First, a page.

Jenny Marra : Going Dutch for lower fuel bills
31 January 2012
Dallfield Multis at the bottom of Dundee’s Hilltown had an energy-efficient refit before Christmas, and four new boilers that would all fit together into an average living room are now powering the heat for all four multi-storey blocks.
It was on a visit to see these improvements to the multis that a thought occurred to me: if all the energy is coming from the same boilers, why don’t all the residents bulk buy their energy together from the same company and reduce their bills?
Economies of scale and all that.
I put it to the representative from British Gas who was on our visit.
It’s against European Competition law she replied.
Turns out, that’s no longer the case.
I put the idea of community energy buying to Dundee Pensioners’ Forum.
Several of the members talked about community energy arrangements in Dundee that used to work very well – there had been examples in the neighbourhoods of Logie and Mid Craigie, but they had ceased to exist after privatisation of the energy companies.
After a bit of digging, we discovered that community energy buying is taking place at the moment in Holland – also subject to EU law.
Members of communities voluntarily opt in to a body that negotiates a price for the whole community.
It is the voluntary opt-in that gets round EU law, according to Ofgem’s lawyers who have confirmed that such a system is workable in the UK.
In fact, Manchester is trying to put a similar scheme in place at the moment.
Working with the Energy Savings Trust, the local authorities are negotiating energy prices for their tenants.
The best bit of all this is the considerable saving that is possible.
Met de Stroom, the Dutch project, saves residents 20 per cent on their fuel bills.
It’s not quite going Dutch – but 20 per cent off a domestic fuel bill is a saving that nobody could argue with in the current economic climate.
But, even better, if local authorities in Scotland could adopt a similar scheme on behalf of their council tenants, we may be able to reduce the bills of many people who are struggling to pay their fuel bills, and making choices that no-one would want to make, between heating and eating.
Dundee has a total of 13,700 council tenancies and it has been estimated that 25 per cent of the city’s population is fuel poor.
Local authorities have the infrastructure in existence to seek the permission of their tenants to participate in such a scheme; they are making contact with them every month for rent payments.
If the council could start talking to the Energy Savings Trust to try to put such a scheme in place, then we could make a dent in the massive problem of fuel poverty in our city, and ultimately across Scotland.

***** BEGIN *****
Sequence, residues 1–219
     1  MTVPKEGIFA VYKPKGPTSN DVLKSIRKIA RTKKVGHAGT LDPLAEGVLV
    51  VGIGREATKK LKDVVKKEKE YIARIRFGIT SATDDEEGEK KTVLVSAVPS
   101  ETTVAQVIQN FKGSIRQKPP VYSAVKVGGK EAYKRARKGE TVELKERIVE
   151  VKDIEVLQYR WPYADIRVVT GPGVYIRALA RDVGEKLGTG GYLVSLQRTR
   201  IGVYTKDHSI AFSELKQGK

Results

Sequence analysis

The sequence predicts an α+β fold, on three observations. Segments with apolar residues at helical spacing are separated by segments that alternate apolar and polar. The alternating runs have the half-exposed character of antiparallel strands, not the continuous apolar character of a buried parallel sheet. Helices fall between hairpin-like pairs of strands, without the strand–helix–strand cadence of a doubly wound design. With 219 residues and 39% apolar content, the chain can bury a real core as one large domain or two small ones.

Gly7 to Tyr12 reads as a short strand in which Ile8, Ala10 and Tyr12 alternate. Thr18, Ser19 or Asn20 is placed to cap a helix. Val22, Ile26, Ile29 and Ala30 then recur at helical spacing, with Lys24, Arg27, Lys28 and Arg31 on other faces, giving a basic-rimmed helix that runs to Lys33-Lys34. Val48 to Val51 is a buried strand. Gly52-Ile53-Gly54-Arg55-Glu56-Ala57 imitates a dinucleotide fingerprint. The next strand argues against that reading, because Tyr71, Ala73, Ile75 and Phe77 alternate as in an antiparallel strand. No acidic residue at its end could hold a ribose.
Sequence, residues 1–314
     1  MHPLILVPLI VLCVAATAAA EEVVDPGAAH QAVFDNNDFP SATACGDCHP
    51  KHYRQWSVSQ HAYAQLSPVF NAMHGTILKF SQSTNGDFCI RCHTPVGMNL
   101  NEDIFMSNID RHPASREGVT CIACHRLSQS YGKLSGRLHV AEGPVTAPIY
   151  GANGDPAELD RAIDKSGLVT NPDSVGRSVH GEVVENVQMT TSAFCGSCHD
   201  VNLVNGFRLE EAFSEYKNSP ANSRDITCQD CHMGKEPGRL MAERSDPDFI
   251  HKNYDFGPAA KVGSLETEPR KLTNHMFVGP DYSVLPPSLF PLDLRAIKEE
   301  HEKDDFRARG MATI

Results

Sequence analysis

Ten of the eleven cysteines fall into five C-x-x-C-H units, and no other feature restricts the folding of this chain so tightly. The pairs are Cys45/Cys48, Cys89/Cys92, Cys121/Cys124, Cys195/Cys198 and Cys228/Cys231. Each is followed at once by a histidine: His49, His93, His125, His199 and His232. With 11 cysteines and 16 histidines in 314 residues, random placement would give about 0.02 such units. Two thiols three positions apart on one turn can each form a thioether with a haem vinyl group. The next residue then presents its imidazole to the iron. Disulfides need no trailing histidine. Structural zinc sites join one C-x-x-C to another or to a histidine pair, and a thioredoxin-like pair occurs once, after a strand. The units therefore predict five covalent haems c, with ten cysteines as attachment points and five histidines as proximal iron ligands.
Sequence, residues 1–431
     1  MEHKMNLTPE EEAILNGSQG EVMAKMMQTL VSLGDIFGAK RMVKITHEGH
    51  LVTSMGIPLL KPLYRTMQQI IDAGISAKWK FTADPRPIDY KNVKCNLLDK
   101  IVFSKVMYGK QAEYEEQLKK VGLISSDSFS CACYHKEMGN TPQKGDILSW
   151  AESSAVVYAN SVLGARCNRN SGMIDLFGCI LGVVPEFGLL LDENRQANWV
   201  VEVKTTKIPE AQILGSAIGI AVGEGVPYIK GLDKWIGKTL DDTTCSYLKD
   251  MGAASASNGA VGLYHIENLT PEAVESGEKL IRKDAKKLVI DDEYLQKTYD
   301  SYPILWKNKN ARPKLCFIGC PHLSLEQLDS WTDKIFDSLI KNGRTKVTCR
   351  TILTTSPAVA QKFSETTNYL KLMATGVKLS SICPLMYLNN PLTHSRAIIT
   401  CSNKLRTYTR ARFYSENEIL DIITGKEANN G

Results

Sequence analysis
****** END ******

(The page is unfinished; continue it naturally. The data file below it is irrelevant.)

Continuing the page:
The Local Government Network, which has produced research on this buying model, told me that the big energy companies, not surprisingly, are not keen.
In hindsight, this explains the reaction of the British Gas representative.
But they also report that some of the smaller energy providers do like the idea.
Surely those in favour of further competition in the energy market couldn’t disagree with breaking the stranglehold of the big six and letting smaller competitors into the market?
All’s fair in love and price wars, no?
But of course, it’s not just Dundee that could run such a scheme.
I described the idea in the Cities Strategy debate in the Scottish Parliament last week, and suggested to Cities Minister Nicola Sturgeon that she might want to consider the scheme for all our cities, and indeed, all over Scotland.
A little work by central government to assess the viability and put some support in place for local authorities to start this scheme would be a welcome move – government action that people would be pleased with.
I’ve asked Dundee City Council to consider setting it up anyway.
It seems like a practical solution to the problem of fuel poverty that so far has seen no viable solutions. If it can work in Holland and Manchester, why not Scotland?
One of the biggest problems of our day could find a solution in community collective buying. And the final and most appealing aspect to this neat solution?
The saving will land in the pocket of the fuel poor directly from the profits of the energy companies, missing out the middle man of tax-funded fuel allowances.
I hope for the sake of the hard pressed this winter, we can go Dutch very soon.
This article first appeared in "Scotland on Sunday" 29th. January 2012Back to previous page